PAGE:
The connection between Omega-3s and the brain isn’t widely discussed. You are probably already aware that Omega-3 fatty acids have a number of health benefits, most notably in relation to cardiovascular health. Specifically Omega-3s support three markers of cardiovascular health: the Omega-3 index, and C-reactive protein levels, and triglyceride levels. What is less commonly talked about, however, are how Omega-3s can promote brain health.
One of the most significant ways Omega-3s and the brain are related is in the area of brain development. It has been widely acknowledged that Docosahexaenoic acid (DHA), one of the three types of Omega-3s, plays a vital role in the development of brains in fetuses and infants, so much so that DHA compromises roughly 30 percent of the fetal brain weight.1 DHA is so vital to the proper development of the central nervous system that the Food and Drug Administration recommends a diet high in Omega-3s for women and young children especially.2
Aging and memory
Just as it is crucial to make sure that young developing minds are receiving proper levels of Omega-3s, there is also evidence to suggest that there may be Omega-3 brain health benefits for aging individuals. A study that took place over eight years and was published in the journal Neurology concluded that older women with Omega-3 rich diets would retain a higher brain volume when compared to their counterparts.3 The study also noted a significant volume increase in the hippocampus, a part of the brain that plays an important role in memory. Similarly, a study conducted by the Universities of Oxford, Cape Town, Oslo and the UAE paired Omega-3s with B vitamins to study the effects of the substances on mental decline.4 250 subjects with mild cognitive impairment, or brain function lower than expected but which does not yet interfere with everyday life, partook in the brain health study. The subjects were then either given a placebo or a B vitamin, a vitamin which had previously been proven to slow mental decline. The study discovered that those individuals with high baseline Omega-3 levels received significantly more cognitive benefits from the vitamin B than those individuals with low Omega-3 baselines.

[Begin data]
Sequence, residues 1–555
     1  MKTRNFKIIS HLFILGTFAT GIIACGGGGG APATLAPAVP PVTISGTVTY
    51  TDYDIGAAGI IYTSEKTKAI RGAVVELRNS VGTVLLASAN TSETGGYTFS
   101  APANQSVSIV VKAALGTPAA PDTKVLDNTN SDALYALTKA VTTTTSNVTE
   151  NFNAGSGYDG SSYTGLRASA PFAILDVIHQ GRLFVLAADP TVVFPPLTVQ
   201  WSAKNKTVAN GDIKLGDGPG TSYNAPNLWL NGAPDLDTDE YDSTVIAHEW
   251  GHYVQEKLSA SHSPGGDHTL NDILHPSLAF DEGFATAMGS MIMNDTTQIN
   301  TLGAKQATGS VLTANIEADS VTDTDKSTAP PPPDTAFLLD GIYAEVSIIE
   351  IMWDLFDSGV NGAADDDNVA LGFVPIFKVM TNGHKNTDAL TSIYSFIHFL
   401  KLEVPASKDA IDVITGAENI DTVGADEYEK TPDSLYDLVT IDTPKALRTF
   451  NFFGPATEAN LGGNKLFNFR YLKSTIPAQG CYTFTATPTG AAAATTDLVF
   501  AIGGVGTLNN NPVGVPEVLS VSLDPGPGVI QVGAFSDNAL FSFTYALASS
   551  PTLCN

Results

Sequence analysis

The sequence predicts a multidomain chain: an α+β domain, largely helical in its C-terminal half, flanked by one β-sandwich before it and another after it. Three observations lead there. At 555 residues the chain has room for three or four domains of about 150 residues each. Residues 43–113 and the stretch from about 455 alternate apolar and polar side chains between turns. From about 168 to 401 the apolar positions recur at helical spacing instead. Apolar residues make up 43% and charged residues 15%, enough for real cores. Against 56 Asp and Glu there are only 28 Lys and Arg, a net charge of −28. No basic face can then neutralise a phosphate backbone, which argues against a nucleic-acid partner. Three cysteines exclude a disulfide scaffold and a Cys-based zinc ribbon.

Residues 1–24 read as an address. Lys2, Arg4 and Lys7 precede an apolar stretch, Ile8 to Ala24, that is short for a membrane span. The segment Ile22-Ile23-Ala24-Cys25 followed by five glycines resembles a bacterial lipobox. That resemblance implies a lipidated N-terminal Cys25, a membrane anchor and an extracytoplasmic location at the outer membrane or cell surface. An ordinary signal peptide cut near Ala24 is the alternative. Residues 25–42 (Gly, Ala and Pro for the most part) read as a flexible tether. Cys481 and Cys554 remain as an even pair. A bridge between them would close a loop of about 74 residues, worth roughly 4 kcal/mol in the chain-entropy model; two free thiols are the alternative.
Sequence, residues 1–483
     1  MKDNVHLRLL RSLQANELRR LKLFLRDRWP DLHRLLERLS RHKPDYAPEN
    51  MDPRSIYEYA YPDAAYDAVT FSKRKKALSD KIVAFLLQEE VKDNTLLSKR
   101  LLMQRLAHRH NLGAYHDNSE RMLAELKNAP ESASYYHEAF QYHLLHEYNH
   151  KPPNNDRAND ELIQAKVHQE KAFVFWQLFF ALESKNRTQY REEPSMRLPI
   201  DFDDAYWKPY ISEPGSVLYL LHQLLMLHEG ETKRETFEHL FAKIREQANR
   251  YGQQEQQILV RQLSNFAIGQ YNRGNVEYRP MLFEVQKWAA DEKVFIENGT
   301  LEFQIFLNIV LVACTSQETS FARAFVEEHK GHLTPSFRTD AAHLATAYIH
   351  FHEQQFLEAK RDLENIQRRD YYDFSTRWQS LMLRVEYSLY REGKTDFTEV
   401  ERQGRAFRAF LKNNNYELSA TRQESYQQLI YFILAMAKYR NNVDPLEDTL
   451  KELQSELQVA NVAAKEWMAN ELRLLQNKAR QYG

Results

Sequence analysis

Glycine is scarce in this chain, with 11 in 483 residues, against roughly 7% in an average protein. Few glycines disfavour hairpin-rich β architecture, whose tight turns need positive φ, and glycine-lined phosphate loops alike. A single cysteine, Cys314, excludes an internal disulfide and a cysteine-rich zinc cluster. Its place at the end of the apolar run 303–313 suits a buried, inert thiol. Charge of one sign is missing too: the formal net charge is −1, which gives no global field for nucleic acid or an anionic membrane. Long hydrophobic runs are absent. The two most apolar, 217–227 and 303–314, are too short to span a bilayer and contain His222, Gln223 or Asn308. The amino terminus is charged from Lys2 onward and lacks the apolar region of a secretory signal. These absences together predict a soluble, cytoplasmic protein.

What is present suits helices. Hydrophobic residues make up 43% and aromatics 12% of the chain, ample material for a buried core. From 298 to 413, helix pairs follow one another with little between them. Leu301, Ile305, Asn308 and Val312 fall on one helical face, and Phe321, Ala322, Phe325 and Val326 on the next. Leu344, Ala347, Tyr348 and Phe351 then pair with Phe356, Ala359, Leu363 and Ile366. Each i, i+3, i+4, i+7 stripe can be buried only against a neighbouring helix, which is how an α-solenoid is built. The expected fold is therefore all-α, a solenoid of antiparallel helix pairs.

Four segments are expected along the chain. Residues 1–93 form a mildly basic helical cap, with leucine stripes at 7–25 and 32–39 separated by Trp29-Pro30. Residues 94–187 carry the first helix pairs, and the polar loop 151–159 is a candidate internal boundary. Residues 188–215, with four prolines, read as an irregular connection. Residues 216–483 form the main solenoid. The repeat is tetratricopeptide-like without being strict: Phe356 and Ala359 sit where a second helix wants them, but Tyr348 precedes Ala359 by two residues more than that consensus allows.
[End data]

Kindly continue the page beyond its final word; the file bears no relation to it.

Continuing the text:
Though the study of Omega-3s and the brain is a relatively new field, we are already seeing many things to be excited about. As more research emerges, it is very possible that we could see increased evidence of Omega-3 brain health benefits. Talk to your doctor today for the latest information about the benefits of Omega-3s and the potential benefits of MegaRed® products.
1 Bellows, L., Clifford, J.,Niebaum, K.,Bunning, M. (2015) Omega-3 Fatty Acids.[online] Available at: http://extension.colostate.edu/topic-areas/nutrition-food-safety-health/omega-3-fatty-acids-9-382/ [Accessed 30 Nov. 2016]
2 fda.gov,(2004) What You Need to Know About Mercury in Fish and Shellfish. [online] Available at: http://www.fda.gov/Food/FoodborneIllnessContaminants/Metals/ucm351781.htm [Accessed 30 Nov. 2016]
3 Brown. D (2014) Higher levels of omega-3 fatty acids help boost brain volume, according to study. [online] Available at: https://www.alzheimers.org.uk/site/scripts/news_article.php?newsID=1941 [Accessed 30 Nov. 2016]
4 ox.ac.uk, (2016) Omega-3 levels affect whether B vitamins can slow brain’s decline. [online] http://www.ox.ac.uk/news/2016-01-18-omega-3-levels-affect-whether-b-vitamins-can-slow-brain%E2%80%99s-decline [Accessed 30 Nov. 2016]